difference, even if this meant that one of us was typically in a glittering gown and the other in a nightgown. (Which one of us was in the PJs? You get one guess.)
I was not prepared for the last question
they would ask me, however. If Allegra came out on
the show in a dress that I didn’t like, was I prepared to be honest?
I hemmed. I hawed. Then
I gave the most candid answer I could muster. Which went something like this:
“I love my daughter so much that I would never say anything that might crush her.” On the other hand, she had such a fantastic
figure that I was certain she would be able to find a dress at Kleinfeld’s that
looked absolutely stunning on her. So I couldn’t imagine allowing her to buy anything that truly didn’t. For
this reason, I thought that I could afford to be honest with her – not brutally honest, necessarily, but gently honest.
I guess that they were satisfied with this reply, or whatever else we both said. For Allegra was told by the nice young woman who had screened us both that if the show was interested, they would give us a choice of several dates sometime in the distant future. But a few
days later, we heard back from them. Never mind the choice of future dates.
us ASAP. Were we available to go on the show the following Thursday? That is, were we ready to say yes to Say Yes
to the Dress? What could we say but “YES!?!”
Allegra was told that she could bring only three people on the show, including me. But so many of her friends wanted to get in on the act that she persuaded
them to let her have four. This would not include my husband, to his enormous disappointment, although not necessarily mine.
I knew that he would have only one thing to say about each dress that she modeled: “What does it cost?” That would instantaneously suck the joy out of what promised to be the experience of a lifetime. I did my best to explain this to him. “Honey, we’re not going to Kleinfeld’s to save money.”
Allegra was told that we should expect to be there for six hours, and that we needed to arrive “camera-ready.”
Camera-ready? Even if we’d had more than a few days to prepare, I’m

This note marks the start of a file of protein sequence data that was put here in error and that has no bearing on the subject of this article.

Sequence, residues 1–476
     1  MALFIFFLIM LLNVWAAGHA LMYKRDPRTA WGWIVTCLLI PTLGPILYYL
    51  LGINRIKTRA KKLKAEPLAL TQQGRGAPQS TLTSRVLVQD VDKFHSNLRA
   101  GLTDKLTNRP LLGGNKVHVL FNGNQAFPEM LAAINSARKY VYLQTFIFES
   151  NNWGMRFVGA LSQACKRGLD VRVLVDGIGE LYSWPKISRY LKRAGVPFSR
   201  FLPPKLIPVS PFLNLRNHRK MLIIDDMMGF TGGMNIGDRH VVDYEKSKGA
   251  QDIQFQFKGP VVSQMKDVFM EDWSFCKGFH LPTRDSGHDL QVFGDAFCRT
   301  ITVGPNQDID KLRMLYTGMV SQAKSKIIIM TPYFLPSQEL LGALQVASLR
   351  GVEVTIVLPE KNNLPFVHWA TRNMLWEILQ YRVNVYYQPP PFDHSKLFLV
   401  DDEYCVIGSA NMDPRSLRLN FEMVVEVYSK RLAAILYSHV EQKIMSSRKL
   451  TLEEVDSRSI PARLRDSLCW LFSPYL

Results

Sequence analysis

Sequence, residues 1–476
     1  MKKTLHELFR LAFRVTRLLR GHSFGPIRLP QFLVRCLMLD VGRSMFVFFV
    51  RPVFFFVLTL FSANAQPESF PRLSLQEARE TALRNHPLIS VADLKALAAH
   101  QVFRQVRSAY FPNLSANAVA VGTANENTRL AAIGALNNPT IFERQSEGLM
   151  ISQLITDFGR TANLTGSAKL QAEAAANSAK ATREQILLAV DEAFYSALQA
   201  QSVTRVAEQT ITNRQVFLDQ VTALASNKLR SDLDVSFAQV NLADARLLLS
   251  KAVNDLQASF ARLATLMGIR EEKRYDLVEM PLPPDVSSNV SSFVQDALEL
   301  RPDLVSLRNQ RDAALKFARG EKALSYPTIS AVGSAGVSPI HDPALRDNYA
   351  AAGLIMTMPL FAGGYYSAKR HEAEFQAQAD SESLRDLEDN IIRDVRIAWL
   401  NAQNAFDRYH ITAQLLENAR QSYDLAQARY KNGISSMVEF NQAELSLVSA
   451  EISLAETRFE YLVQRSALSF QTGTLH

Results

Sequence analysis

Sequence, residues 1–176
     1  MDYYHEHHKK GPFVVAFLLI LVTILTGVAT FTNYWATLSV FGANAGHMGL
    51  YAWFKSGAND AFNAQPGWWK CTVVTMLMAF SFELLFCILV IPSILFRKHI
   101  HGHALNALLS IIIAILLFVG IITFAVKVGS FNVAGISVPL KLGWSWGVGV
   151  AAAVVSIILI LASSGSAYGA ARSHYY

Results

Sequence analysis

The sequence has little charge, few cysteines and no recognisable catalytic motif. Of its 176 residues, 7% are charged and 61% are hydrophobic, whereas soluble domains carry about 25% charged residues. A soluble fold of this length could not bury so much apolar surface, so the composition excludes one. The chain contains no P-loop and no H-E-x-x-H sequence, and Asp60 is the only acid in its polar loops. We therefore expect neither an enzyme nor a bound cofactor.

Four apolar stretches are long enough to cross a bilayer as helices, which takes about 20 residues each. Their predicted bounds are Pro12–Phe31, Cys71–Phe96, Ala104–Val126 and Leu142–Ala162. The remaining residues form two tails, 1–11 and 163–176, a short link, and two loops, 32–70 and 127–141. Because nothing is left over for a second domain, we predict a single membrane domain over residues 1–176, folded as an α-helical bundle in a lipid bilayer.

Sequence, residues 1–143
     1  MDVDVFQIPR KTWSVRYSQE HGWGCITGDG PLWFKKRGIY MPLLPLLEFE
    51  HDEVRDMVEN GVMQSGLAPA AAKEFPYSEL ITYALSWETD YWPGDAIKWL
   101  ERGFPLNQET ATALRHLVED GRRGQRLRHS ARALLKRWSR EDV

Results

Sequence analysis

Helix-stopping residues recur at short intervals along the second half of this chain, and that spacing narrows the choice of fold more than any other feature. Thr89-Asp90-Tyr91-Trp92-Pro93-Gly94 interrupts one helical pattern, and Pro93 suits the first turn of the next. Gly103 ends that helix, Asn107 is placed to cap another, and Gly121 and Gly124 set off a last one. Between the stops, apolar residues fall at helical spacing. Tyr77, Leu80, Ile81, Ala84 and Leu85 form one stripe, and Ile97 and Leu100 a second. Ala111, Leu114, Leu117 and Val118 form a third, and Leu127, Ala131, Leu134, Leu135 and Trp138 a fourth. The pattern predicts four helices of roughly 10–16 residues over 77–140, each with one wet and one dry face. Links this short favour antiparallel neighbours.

not sure that anything, including industrial-strength
Spanx, would have made it humanly possible
for me to be “ready for my closeup, Mr. DeMille.” Allegra made
hair appointments for herself and
the rest of the group. But I decided to go as myself. Go as
is, that is. Just kidding! I would spend at least an hour and a half transforming myself into a female contortionist as I
tried to blow-dry my own hair.
I would also shell out for a new top just for
the occasion at my favorite local shop, Kimberly Boutique, after explaining my mission to the instantly envious staff (my main mission being to not look like
a whale in high heels on TV). OK, maybe the item I chose wasn’t the most
slimming garment possible – no small
consideration, considering that, as
everyone knows, the camera adds 10 pounds. Then again, the cold-shoulder effect
was “on trend,” as Kimberly noted, and I thought that it looked reasonably glam and tasteful. I was going to play The Mom
on this episode, after all. I didn’t want to look skanky.
Allegra had already made one shopping foray to David’s Bridal with my daughter-in-law Kaitlin and her dear friend Leslie to try
on gowns. She wanted to do some advance research to see which styles suited her best.
What suited her best at David's Bridal was a strapless Vera Wang. The Sunday before we were scheduled to shoot, I got to go on a second such outing, to The Bridal
Garden, the special bridal shop on West 21st Street where Kaitlin
had found her wedding gown when she and my son
Aidan were married last summer.
The special thing about The Bridal Garden is that its inventory consists mostly of samples and overruns donated by top wedding dress designers, including Vera Wang, Marchese, Ann Barge, Lela Rose, and Monique Lhuillier. It then sells these at a deep discount. Equally compelling to us was that, as the only completely nonprofit bridal salon in NYC, it donates 100 percent of its proceeds to the Brooklyn Charter School, a tuition-free
K through 5 school for disadvantaged children in Bedford-Stuyvesant.
As ecstatic as Allegra was to have been chosen for the TV show, she was eager to contribute to this worthy cause, just as Kaitlin had when
she bought her own gorgeous Vera Wang gown there. So it was a little unnerving when
our entire group fell head over spike heels for a breathtaking Badgley Mischka mermaid-style gown there. It customarily sold for $3,000, but was marked down to a mere $999.
little doubt that she would end up spending more at Kleinfeld’s. Quite a bit more, perhaps. If she didn’t find anything that she loved there, at least she now had a back-up plan. Yet if she didn’t end up saying yes to a Kleinfeld dress, the chances of her
episode ever airing might be flimsier than a tulle
So she ruefully said no to The Bridal Garden gown. Oh, well. On with the show!
The following Wednesday night, I drove to NYC with
her good friend Emily. We had to be at Kleinfeld’s by 1:30 p.m. sharp Thursday and couldn’t risk arriving late.
JP joined us all for an early
lunch at Cafeteria, a trendy eatery near Kleinfeld’s. Presumably, we would not be fed a thing during the six hours that we would be filming. But we were
all so nervous and excited (not to mention worried about looking svelte). Who could think of eating now?
Then it was on to Drybar, part of a chain of salons where they will blow-dry your hair for $45. As planned, I had turned myself into a